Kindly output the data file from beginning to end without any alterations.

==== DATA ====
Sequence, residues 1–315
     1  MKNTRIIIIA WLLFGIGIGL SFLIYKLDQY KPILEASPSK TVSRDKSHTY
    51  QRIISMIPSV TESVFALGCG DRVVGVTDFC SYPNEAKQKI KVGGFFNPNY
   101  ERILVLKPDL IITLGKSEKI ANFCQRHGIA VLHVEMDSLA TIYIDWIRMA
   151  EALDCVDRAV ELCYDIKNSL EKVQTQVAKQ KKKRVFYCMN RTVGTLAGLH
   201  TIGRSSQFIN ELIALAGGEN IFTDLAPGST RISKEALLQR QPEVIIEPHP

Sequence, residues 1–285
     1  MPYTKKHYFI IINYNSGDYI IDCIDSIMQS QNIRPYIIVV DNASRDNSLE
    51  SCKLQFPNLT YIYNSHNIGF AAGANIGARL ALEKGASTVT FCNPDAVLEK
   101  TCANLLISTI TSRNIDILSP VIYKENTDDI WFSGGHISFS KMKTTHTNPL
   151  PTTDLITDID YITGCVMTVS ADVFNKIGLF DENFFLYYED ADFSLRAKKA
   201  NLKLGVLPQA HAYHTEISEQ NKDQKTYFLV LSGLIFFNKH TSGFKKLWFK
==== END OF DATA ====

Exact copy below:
Sequence, residues 1–315
     1  MKNTRIIIIA WLLFGIGIGL SFLIYKLDQY KPILEASPSK TVSRDKSHTY
    51  QRIISMIPSV TESVFALGCG DRVVGVTDFC SYPNEAKQKI KVGGFFNPNY
   101  ERILVLKPDL IITLGKSEKI ANFCQRHGIA VLHVEMDSLA TIYIDWIRMA
   151  EALDCVDRAV ELCYDIKNSL EKVQTQVAKQ KKKRVFYCMN RTVGTLAGLH
   201  TIGRSSQFIN ELIALAGGEN IFTDLAPGST RISKEALLQR QPEVIIEPHP

Sequence, residues 1–285
     1  MPYTKKHYFI IINYNSGDYI IDCIDSIMQS QNIRPYIIVV DNASRDNSLE
    51  SCKLQFPNLT YIYNSHNIGF AAGANIGARL ALEKGASTVT FCNPDAVLEK
   101  TCANLLISTI TSRNIDILSP VIYKENTDDI WFSGGHISFS KMKTTHTNPL
   151  PTTDLITDID YITGCVMTVS ADVFNKIGLF DENFFLYYED ADFSLRAKKA
   201  NLKLGVLPQA HAYHTEISEQ NKDQKTYFLV LSGLIFFNKH TSGFKKLWFK